Tag Archives: Native American

Would you Celebrate Thanksgiving if you were Native American?

Imagine living in a land that had an abundance of everything.  Trees, wildlife, rivers, lakes, vegetation – you name it, there was an abundance of it.  Now imagine foreigners from a distant land washed ashore and you embraced them, shared your abundance with them and taught them how to survive in a land they knew nothing about.  Then one day, the foreigners turned on you, killed your men, took your land, raped your women and re-educated your children to learn their ways and their religion.  If this were your story, would you celebrate a holiday commemorating the foreigners’ first encounter with you?  I hope you’d think that would be an insult to you and your people!

But what if you learned this was your story?  What if you learned the foreigners changed what they called you so many times that your original identity was erased?  What if you learned the foreigners portrayed other people as you and programmed you to believe you were from somewhere else?  How would you feel about celebrating what would become the demise of a people all this time, just to find out they were your people?

I stopped celebrating Thanksgiving some time ago because I empathized with the Native Americans and felt what the Europeans did to them was wrong.  After researching my ancestry and researching history, I was pissed – which is an understatement – to find out the original people the Europeans found in America were copper-colored like me and that I have Native American blood flowing through my veins.  I can only blame myself for my ignorance though.  It’s no one else’s fault that I blindly followed something I didn’t question and that it took me so long to find out who my ancestors were.

Know Better:

1621/ J.L.G. Ferris - Library of Congress
The First Thanksgiving, 1621/ J.L.G. Ferris Library of Congress

Do Better:
If you or anyone in your family is copper-colored, your ancestors may have been the original people the Europeans found in America.  Spend some time reading through the posts found in this blog to educate yourself.  If you feel compelled to continue celebrating Thanksgiving because it’s tradition and it brings your family together, why not spend some of that time educating them on what you learned here.

Native + Native ≠ Native?

How is it possible for the offspring of two native Americans to be anything but native American?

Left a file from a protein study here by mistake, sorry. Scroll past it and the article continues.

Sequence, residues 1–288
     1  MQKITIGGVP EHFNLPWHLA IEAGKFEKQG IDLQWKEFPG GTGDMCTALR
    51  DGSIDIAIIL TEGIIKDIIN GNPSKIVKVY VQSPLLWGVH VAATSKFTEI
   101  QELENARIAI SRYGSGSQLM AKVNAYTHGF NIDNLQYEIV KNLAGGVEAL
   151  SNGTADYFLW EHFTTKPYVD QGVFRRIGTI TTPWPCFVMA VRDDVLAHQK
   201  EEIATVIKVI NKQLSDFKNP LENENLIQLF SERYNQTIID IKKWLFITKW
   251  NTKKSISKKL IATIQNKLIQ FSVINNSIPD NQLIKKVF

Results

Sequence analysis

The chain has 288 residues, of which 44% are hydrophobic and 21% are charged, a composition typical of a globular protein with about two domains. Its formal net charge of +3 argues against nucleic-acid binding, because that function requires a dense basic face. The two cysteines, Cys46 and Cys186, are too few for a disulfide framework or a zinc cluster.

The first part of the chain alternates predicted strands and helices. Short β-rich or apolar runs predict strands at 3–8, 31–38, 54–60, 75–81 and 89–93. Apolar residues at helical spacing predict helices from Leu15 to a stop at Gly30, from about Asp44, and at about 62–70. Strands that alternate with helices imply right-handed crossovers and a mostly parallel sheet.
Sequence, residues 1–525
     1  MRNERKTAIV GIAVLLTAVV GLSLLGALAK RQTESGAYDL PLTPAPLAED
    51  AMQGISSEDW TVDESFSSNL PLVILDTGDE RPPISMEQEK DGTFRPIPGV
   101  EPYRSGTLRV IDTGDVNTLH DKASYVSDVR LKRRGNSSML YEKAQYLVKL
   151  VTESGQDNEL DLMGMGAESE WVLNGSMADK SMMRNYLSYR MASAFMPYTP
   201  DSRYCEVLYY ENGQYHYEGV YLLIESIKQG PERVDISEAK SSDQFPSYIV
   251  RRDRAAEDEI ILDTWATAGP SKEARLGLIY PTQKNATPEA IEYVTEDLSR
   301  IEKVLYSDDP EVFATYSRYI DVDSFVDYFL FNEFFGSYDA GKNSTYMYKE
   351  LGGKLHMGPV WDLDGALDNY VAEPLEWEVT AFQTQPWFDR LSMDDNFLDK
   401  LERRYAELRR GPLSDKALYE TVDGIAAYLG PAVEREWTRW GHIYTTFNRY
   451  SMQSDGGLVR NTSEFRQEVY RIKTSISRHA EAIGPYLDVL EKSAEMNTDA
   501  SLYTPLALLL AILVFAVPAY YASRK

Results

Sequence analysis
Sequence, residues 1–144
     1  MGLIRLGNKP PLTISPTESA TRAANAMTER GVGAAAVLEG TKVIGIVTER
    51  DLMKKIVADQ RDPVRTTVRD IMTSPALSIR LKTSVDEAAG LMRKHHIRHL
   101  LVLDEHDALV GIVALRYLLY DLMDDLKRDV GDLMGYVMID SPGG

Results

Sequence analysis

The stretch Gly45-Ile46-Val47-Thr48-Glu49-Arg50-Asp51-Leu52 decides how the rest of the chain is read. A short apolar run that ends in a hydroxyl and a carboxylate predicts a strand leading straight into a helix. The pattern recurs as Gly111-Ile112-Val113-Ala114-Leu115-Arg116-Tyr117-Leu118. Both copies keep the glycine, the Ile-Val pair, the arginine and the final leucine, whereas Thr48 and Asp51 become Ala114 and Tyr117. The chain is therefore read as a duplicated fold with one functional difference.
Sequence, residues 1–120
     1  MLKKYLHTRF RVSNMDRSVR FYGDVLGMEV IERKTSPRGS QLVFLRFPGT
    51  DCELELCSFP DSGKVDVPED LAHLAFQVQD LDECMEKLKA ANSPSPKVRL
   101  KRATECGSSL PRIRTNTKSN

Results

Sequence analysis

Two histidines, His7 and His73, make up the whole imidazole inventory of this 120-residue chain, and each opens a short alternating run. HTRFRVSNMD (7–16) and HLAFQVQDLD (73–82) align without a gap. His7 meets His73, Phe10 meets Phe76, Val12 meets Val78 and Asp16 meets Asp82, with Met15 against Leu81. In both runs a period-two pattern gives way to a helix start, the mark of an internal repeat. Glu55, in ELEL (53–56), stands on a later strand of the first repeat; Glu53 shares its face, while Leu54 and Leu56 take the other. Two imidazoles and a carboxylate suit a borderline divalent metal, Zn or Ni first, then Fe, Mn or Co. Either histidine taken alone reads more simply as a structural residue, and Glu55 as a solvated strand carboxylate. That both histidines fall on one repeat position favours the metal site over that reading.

During the time Dawes Rolls were instituted, Blood Quantum laws were being used to determine who was native enough to be included in one of the Five Civilized Tribes.  Some natives were excluded because they didn’t have enough blood of one tribe to be included on their registry.  As crazy as this may sound, those who were mixed with several different tribes were only allowed to enroll in one tribe.  So, instead of adding up their blood quantum to be included, they could only claim the portion for the tribe they chose.

For example, if someone had 100% native blood, but from four different tribes, they could only claim 1/4 blood from one of the tribes.  If that tribe required 1/2 degree blood quantum, then the native was excluded.  As with the One-Drop Rule, these laws excluded many natives from tribal affiliation, thereby stripping them of their heritage and rights.

Know Better:
Blood Quantum Laws – wikipedia.org
Who is More Choctaw Than Another – freepages.genealogy.rootsweb.ancestry.com

Do Better:
Know that these laws I’ve been blogging about were put into place for a reason.  That reason was to take away the identity of the coppered-colored races of people the Europeans found here.  Taking away the identity made it easier for them to take over the land.  It is imperative for you to research your ancestry so you’ll know who you are.

So, Who’s on the Reservations?

I can’t tell you who’s on the reservations today, but I have a pretty good idea why many of them are not copper-colored.

In order to claim Native American status in the United States, one must be a member of a federally recognized tribe.  Federally recognized tribes only accept people who can prove lineage from someone listed on the Dawes Rolls (taken between 1898-1906).  These rolls were taken after the Dawes Act and were considered the final rolls of the five civilized tribes.

The problem with the Dawes Rolls is that it doesn’t include those who decided not to leave their land east of the Mississippi River during the Trail of Tears, it doesn’t include those who refused to be listed on the rolls, and it doesn’t include those who didn’t meet their criteria.  It does, however, include Europeans who intermarried with native Americans as they were being “civilized” by the Europeans.

Know Better:
Dawes Commission Enrollment Records for Five U.S. Indian Tribes – familysearch.org
Beginning of the End of Copper-Colored Natives – previous post on the Trail of Tears
Give Them an Inch and They’ll Take a Mile – previous post on the Dawes Act

Do Better:
There’s a high probability you may not be able to claim Native American status in the United States based on their requirements, but that should not stop you from researching your ancestry to find out who you are.  Once you know for yourself, no one will ever be able to take that away from you (again).  Share what you learn with your family so they’ll know as well.